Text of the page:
Prime Minister A.B. Vajpayee, who flew over Paradip and other battered coastal areas today, saw for himself the magnitude of the devastation and announced an additional grant of Rs 100 crore for relief.
The Prime Minister, who arrived in Orissa four hours behind schedule, reviewed the situation in a meeting with chief minister Giridhar Gamang, other ministers and senior officials. ?I wish to assure the cyclone-affected people of Orissa that whatever is required will be provided by us for relief operations,? Vajpayee said. Referring to the state?s demand for Rs 500 crore, the Prime Minister said: ?Let whatever money that has been given be spent first. If necessary, we will provide more funds.?
Columns of army reached out to pockets hitherto inaccessible in Kendrapara and Jagatsinghpur districts. A state government spokesman, however, admitted that rescue teams have not been able to reach even half of the 15 million affected people.
Erasama in Jagatsinghpur district, one of the worst hit, remained cut off, though the approach roads were cleared last afternoon, paving the way for a procession of bodies.
Vajpayee?s planned visit to Jagatsinghpur failed to take off after his aircraft developed a snag.
Peripheral to where the cyclone struck, Erasama is strewn with hundreds of corpses and these are only the accessible fringe areas. ?The scene further inside has to be seen to be believed,? said Erasama police station assistant sub-inspector Gouri Shyam Nayak. ?At a conservative estimate, at least 15,000 have died here alone,? he said.
No senior official from the Orissa government had visited the spot till this afternoon. Former MLA Damodar Rout was talking to villagers, who emerged today nine days after the cyclone smashed into the Orissa coast. At Erasama Chawk, they were arriving from the interiors in ones and twos in search of relief.
?I have spoken to ministers and officials. No one believes me,? Rout said. But ?it is there for everyone to see?.
Kunjakuti 400, Nagori 200, Saralpet 280, Junaghari 250, Garaharishpur 250, Padmaghori 120, Dasmatha 110, Karangi 80...such goes the count.
Fifteen-foot-high waves engulfed this area south of Paradip port. Residents said tidal waves rushed in unhindered from two mouths in the sea ? Gadadhar and Devi ? and lashed the villages. Tales of entire families ? like Gadadhar Naik?s in Balaipur ? being wiped out are common.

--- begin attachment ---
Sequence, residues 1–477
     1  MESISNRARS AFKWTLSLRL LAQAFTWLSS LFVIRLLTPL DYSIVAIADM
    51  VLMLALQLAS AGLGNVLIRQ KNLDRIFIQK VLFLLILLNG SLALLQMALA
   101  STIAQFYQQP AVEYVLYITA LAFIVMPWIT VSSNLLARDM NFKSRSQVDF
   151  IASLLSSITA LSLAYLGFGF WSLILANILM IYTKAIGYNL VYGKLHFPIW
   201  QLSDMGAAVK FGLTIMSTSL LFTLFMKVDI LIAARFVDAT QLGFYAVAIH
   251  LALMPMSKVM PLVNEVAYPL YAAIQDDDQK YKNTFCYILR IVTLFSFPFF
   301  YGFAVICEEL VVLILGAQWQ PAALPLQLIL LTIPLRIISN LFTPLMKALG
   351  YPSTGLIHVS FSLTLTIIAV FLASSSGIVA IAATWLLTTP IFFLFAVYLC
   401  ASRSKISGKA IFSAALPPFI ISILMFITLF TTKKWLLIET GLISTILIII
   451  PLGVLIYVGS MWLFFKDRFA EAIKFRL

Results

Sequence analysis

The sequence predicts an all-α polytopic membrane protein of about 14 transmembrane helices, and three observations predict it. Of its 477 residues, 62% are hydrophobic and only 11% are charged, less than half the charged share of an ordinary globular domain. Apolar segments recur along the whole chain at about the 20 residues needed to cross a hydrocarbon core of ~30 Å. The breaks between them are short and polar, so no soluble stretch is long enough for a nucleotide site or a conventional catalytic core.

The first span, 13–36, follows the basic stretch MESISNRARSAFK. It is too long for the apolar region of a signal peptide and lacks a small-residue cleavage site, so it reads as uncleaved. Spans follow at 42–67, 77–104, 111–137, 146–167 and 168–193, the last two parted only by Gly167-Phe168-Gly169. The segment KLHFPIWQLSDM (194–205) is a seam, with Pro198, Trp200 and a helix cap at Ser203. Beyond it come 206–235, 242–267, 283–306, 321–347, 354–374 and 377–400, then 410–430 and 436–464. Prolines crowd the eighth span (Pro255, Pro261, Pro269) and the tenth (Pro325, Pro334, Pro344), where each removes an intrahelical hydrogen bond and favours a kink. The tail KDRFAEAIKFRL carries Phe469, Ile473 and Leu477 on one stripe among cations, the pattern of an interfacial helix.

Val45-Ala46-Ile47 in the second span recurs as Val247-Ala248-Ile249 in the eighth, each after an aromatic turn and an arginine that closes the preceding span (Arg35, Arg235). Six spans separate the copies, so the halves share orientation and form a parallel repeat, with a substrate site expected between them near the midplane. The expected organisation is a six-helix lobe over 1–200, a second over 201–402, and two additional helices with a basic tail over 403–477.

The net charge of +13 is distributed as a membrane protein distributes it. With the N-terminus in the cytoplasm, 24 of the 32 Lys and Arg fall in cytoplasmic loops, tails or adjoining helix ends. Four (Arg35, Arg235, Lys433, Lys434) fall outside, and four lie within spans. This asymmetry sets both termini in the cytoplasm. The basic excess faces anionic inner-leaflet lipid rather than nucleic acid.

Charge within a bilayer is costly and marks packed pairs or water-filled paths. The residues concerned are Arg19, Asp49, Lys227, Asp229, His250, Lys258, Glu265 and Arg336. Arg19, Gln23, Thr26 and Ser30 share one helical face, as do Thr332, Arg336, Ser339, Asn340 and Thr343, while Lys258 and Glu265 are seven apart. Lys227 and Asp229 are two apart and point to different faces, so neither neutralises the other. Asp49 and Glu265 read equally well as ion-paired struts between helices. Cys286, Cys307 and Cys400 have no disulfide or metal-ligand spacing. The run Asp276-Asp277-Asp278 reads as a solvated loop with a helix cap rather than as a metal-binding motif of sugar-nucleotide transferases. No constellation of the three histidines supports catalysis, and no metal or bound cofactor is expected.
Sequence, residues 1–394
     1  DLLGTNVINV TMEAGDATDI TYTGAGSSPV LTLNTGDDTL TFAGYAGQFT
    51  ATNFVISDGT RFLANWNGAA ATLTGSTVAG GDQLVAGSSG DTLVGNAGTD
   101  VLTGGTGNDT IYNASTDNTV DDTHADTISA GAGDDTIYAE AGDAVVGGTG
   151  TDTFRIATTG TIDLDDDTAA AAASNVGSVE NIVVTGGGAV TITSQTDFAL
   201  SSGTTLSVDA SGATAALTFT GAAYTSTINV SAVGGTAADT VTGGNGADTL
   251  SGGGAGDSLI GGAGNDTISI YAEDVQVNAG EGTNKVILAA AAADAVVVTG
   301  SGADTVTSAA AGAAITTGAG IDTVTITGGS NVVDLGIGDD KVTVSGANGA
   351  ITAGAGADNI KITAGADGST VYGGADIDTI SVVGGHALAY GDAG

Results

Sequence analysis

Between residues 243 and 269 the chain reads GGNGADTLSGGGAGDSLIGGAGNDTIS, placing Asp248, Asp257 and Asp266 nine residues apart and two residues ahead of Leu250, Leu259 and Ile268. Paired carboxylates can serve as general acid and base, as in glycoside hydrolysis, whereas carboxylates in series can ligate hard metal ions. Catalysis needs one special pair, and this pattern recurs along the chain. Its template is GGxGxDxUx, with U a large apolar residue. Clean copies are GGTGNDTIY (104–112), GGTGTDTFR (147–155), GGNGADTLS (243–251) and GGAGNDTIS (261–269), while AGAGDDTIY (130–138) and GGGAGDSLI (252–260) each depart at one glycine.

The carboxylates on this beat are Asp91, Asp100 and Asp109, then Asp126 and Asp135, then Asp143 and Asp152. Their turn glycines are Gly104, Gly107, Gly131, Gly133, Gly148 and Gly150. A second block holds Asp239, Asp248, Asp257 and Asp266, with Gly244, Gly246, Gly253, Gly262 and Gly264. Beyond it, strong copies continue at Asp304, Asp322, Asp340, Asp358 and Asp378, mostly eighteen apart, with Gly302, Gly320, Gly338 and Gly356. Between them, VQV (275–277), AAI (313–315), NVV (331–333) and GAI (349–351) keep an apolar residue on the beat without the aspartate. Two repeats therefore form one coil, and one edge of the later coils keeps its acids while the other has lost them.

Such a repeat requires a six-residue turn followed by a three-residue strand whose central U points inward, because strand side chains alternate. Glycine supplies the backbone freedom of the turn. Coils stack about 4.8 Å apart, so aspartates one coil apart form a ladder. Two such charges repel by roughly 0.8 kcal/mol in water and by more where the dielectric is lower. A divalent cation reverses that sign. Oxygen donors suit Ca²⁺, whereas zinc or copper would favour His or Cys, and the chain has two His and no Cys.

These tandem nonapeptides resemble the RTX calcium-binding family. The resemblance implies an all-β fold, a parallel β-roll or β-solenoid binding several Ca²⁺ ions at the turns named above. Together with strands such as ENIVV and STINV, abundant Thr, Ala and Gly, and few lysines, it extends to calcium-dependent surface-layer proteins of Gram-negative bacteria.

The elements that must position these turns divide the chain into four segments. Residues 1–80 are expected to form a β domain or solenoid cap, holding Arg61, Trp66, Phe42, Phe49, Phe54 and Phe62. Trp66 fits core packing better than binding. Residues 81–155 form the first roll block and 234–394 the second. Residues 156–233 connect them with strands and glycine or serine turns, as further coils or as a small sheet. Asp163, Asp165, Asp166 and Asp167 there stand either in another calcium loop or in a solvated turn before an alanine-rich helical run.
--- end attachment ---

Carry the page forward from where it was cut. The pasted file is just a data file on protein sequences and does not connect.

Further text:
In Salio, Sovopat, Ghosagar and Bhajoikadia, almost 75 per cent of the 3,000-strong population has been washed away. At Kiada Haryjan, only eight of the 27 families have survived.
Saline water has contaminated all sources of drinking water. Nine villagers have died of cholera. Reports of starvation deaths are pouring in as thousands in Kendrapara and Jagatsinghpur survive on cattle fodder.
At least 30 people are reported to have died of starvation in Erasama. In Kendrapara, many villages are under 25 feet of water. The district administration admits that people are drinking flood water. ?The chances of a bigger epidemic are high,? Kendrapara deputy commissioner N.P. Mahapatra said.
After surveying the situation, the Prime Minister said his government was seeking assistance from international financial organisations. He added Hudco will provide Rs 190 crore as a soft loan to subsidise the rebuilding of the 75,000 houses that have been razed. In Calcutta, finance minister Yashwant Sinha announced a financial package for industry in Orissa.
State revenue minister Jagannath Patnaik said the money the Centre has given is ?peanuts?. A Central team, which visited the state for a quick assessment of relief measures, said there was no scarcity of relief. But the state and district administrations have not been able to coordinate their work, leading to poor distribution of relief, the team said. Vajpayee, however, said the state government is doing its job.
The hundreds who have taken shelter on the Chandikhol-Paradip expressway do not agree. ?We have not received anything from the government except a fistful of rice,? said Niranjan Das of Kendrapara, who has been living on the highway since last week.
According to health minister Partha De, Lipika Lal?s mother took her to the camp where a blo-od test showed she had malaria.
When she had the medicine prescribed by the doctor at the camp, her condition deteriorated. ?Doctors at the Chittaranjan Seva Sadan declared that she had been brought dead,? De said.
Instead of informing the police and conducting a post mortem, the relatives forcefully took away the body. ?I instructed the superintendent of the hospital to lodge a complaint with the police,? De added.
The health department has taken the incident very seriously. ?Everybody is setting up malaria camps where the likelihood of procedures and norms not being followed is very high,? the minister said. ?I have ordered an inquiry; this will not be taken lightly. A small child is involved, and this will cause grave misunderstanding among the public regarding such camps,? he added.